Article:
BALKH, AGHANISTAN – In the white dusty plains of northern Afghanistan, archaeologists are seeking to unravel the secrets of one of the oldest mosques in the world, whose structure is still standing after a thousand years of solitude.
The Nine Domes Mosque, named for the cupolas that once crowned its intricately decorated columns, glimmers with remnants of the blue lapis lazuli stones that encrusted it.
Carbon dating in early 2017 suggests the ancient structure in Balkh province was built in the eighth century, soon after Islam swept into Central Asia — but exactly when, and who by, remains a mystery.
The very survival of this modest square of just 20 by 20 meters (65 by 65 feet) has beguiled experts.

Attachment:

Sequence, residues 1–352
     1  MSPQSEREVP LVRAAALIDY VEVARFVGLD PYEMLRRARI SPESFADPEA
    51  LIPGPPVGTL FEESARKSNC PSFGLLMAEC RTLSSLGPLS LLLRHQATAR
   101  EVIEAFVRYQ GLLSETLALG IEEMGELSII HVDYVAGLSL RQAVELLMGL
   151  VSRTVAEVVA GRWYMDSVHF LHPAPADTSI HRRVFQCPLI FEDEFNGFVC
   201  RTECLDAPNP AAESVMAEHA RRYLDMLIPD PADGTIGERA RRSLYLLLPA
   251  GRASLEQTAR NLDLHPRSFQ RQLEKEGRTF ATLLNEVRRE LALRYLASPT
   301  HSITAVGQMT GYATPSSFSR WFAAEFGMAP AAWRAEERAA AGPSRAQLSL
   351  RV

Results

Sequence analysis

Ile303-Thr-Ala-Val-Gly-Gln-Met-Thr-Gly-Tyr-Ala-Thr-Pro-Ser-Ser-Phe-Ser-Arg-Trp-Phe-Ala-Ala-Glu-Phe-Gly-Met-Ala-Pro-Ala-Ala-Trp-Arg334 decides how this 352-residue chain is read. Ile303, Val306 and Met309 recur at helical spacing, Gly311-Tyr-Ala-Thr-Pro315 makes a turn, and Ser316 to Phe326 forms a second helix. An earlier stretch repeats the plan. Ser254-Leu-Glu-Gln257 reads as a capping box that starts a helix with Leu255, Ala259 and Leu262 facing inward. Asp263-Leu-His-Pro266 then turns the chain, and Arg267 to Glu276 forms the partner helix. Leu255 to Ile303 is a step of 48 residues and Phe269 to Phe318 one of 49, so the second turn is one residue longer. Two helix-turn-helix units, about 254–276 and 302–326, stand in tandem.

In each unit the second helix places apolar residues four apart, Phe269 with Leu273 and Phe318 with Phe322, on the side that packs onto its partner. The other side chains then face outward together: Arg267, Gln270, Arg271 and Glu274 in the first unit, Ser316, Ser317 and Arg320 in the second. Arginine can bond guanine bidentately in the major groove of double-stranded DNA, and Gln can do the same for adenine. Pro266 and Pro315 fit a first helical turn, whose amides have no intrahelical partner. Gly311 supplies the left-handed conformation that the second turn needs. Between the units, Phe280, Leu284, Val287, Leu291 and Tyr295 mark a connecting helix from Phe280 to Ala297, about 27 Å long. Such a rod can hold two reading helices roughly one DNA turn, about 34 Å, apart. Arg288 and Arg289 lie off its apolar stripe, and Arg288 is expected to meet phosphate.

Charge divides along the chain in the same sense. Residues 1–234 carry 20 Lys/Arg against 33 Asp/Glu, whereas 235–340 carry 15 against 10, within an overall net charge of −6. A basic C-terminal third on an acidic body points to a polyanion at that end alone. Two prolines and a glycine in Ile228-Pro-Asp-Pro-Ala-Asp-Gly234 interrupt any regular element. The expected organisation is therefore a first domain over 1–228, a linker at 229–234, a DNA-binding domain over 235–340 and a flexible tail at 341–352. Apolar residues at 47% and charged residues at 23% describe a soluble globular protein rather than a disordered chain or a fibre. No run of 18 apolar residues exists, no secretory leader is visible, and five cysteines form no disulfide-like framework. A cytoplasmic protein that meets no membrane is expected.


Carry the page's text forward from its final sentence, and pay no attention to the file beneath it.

Afghanistan’s Nine Domes Mosque is also called Masjid-e Haji Piyada (Mosque of the Walking Pilgrim). | AFP-JIJI
In July archaeologists unearthed the base of the pillars, at a depth of 1.5 meters (5 feet), but surveys suggest even deeper remnants.
“This is a window open to the ancient period. Here we can find the base of the next culture to come,” said Arash Boostani, an Iranian architect and engineer from the University of Tehran, who was commissioned by the Aga Khan Trust for Culture to work on the site.
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